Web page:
Medical Malpractice Bulletin – December, 2015

Perspective: Radiology discrepancies: What’s the “miss rate”? Who’s responsible?

By Charles A. Pilcher MD FACEP
December, 2015
How often does a radiologist miss an x-ray finding? What happens when they do? Should ordering physicians view all images themselves? What if there’s a disagreement? Who’s responsible? Can we determine a standard of care? When there’s a “miss,” what procedures and guidelines should be followed? These questions are frequently part of malpractice litigation. CONTINUED ->

New test may shave hours or days off the diagnosis and treatment of meningitis
The FDA announced in October that it will allow marketing of a new test may on spinal fluid (CSF) that will speed up the diagnosis and treatment of meningitis or encephalitis significantly. The test (FilmArray ME Panel) uses a nucleic acid method and identifies any of 14 bacterial, viral and yeast pathogens simultaneously in about 1 hour. It should be used in conjunction with other clinical and laboratory findings. Cultures, which may take days to weeks, should still be done for confirmation, determine sensitivity to treatment and because less common causes of CNS infections will not be identified by the new test. For more on the test and a complete list of the pathogens identified, click here
[Editor’s Note: A team from Columbia University is perfecting a new test that “can find every virus in a few drops of any body fluid with near perfect accuracy.” Stay tuned. /cp]

Misdiagnosis of abdominal pain in the ED: Why?
A study of the reasons for misdiagnosis of abdominal pain in the ED was just published in the BMJ Emergency Medicine Journal. Not surprisingly, Dr. Laura Medford-Davies et al. from Baylor University found that the major causes of misdiagnosis included incomplete or incorrect history or exam, failure to order needed tests to determine the cause of pain and failure to follow up on abnormal test results. With abdominal pain being one of the most commonly mis-diagnosed problems leading to litigation, identifying correctable sources of error is a high priority. [Editor’s Note: There’s little real “news” in this study. Most med mal attorneys have known of this pattern for decades. /cp]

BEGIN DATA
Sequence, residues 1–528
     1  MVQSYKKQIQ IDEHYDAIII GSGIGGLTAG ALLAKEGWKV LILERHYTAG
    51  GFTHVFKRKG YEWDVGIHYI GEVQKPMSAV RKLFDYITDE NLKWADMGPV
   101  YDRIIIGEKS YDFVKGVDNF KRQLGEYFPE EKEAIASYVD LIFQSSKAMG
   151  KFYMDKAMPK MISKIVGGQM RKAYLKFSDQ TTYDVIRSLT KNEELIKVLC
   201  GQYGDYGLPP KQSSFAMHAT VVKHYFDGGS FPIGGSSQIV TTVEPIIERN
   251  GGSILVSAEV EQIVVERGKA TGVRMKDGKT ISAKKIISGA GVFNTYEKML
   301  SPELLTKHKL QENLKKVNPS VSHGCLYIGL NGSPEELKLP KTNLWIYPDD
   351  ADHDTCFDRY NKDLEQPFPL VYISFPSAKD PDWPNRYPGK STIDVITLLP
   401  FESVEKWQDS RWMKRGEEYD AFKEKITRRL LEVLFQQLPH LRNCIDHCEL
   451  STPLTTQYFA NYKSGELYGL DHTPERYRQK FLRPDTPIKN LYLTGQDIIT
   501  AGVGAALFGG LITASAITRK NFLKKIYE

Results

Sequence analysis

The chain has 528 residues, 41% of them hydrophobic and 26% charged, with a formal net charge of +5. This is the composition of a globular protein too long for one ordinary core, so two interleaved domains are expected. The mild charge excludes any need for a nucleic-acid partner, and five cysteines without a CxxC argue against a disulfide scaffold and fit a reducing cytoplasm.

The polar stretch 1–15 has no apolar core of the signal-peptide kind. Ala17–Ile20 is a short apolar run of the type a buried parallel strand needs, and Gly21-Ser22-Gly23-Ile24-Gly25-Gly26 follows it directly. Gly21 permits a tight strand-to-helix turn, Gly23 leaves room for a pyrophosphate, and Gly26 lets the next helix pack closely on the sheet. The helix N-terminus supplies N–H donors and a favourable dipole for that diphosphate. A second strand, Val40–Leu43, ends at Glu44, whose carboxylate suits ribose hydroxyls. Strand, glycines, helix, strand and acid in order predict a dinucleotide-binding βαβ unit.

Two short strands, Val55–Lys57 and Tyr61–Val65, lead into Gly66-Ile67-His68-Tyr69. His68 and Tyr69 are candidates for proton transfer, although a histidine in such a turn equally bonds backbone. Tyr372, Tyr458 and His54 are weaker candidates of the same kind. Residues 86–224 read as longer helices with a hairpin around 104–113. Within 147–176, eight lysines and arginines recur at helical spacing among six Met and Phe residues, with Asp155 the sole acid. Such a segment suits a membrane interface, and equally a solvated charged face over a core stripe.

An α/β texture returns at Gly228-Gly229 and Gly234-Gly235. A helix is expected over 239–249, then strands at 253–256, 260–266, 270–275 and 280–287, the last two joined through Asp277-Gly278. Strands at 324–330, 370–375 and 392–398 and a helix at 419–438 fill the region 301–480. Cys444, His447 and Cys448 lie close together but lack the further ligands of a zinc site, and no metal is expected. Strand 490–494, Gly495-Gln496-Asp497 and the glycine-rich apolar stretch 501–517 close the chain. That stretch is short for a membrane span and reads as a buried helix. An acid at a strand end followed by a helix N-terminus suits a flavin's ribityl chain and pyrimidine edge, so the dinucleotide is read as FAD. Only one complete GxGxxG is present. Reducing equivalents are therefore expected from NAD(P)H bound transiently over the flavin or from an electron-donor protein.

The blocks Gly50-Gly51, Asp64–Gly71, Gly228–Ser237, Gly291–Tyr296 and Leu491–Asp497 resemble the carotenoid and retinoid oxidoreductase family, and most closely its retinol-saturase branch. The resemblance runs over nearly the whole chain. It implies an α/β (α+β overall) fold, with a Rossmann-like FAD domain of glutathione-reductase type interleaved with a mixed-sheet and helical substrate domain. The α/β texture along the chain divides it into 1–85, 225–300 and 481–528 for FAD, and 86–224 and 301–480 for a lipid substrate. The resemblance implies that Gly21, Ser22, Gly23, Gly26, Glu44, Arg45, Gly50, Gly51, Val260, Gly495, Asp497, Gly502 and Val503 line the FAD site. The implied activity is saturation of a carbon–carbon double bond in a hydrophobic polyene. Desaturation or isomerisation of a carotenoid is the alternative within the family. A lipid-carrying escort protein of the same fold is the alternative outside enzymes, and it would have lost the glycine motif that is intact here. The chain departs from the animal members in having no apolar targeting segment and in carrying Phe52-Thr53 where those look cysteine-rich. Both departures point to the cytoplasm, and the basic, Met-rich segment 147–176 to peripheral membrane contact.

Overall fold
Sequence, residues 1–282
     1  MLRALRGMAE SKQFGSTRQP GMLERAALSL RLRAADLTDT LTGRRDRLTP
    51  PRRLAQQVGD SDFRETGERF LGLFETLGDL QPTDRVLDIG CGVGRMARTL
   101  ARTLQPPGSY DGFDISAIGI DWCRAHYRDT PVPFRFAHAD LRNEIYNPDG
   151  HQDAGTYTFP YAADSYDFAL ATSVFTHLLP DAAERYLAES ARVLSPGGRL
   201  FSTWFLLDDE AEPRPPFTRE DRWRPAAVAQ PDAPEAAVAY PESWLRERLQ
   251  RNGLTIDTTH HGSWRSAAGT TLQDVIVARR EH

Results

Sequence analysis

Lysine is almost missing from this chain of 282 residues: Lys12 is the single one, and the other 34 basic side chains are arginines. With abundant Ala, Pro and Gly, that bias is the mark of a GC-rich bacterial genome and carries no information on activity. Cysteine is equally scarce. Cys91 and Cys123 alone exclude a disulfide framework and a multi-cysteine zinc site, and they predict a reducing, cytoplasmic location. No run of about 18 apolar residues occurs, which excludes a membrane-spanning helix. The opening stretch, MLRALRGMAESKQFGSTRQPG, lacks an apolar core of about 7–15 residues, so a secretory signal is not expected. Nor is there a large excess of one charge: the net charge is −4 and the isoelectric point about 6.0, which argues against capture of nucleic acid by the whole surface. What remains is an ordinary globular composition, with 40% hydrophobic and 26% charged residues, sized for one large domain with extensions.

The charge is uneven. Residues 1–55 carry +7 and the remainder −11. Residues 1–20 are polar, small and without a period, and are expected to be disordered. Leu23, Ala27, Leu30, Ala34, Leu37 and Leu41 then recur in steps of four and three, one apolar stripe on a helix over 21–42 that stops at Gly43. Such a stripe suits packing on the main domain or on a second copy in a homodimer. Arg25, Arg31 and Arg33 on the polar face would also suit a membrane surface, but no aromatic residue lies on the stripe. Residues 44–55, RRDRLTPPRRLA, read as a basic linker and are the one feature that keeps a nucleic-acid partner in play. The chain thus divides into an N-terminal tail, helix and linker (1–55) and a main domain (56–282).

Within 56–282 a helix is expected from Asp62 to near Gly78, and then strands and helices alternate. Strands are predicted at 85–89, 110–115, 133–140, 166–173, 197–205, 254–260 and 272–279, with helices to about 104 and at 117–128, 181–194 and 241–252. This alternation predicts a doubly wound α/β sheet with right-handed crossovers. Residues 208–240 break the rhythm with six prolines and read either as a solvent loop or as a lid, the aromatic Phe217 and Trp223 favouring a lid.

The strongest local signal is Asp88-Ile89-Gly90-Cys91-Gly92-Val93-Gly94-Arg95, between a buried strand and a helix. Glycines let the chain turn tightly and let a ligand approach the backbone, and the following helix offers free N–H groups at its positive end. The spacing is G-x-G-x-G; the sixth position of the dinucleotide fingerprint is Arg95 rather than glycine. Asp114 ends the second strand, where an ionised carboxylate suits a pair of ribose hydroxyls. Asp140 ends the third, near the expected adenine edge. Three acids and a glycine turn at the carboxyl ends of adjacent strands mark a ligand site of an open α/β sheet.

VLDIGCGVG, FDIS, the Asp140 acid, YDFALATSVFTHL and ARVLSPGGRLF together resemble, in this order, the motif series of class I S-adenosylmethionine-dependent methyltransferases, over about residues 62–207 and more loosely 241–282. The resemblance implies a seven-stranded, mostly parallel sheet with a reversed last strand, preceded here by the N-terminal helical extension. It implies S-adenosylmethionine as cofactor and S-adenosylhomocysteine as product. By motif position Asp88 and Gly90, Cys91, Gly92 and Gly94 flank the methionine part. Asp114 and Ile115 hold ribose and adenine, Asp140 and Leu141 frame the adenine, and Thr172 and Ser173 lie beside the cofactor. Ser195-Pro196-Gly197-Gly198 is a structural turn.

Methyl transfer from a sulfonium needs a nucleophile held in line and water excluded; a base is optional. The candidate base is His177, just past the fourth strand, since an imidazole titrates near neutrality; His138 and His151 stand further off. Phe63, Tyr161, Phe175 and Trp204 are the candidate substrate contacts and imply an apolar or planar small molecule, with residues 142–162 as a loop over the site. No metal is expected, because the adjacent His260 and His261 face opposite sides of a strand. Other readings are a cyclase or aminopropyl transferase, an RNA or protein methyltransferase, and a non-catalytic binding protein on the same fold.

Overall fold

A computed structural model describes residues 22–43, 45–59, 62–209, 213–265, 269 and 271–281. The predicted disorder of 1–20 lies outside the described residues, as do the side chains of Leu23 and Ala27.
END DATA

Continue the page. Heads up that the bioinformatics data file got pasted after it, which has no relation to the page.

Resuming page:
Endovascular thrombectomy for stroke: Breakthrough or hype?
Badhiwala et al. reported last month in JAMA on the outcomes of intravascular thrombectomy (clot retrieval) from victims of stroke and compared them with standard therapy using tPA. Over 2400 patients were included. More patients (44.6%) were functionally independent at 90 days with thrombectomy than with tPA (31.8%), a difference of 12.8%. Angiographic revascularization was 75.8% at 24 hours with thrombectomy and 34.1% with tPA. There was no difference in symptomatic intracranial hemorrhage, about 5.5%, or all cause mortality (about 16%). Thus, it appears that benefits of thrombectomy are greater than the benefits of tPA without increasing the risks. [Editor’s Note: The biggest problem with thrombectomy is that few (~6%) of stroke patients have a clot in a vessel that is amenable to extraction and few hospitals are equipped well enough at all times to perform the procedure. With most hospitals able to treat stroke patients early with tPA, the question will be “Does it make clinical and economic sense to transport 16 ineligible patients to a thrombectomy stroke center to benefit 1 eligible patient?” / cp]

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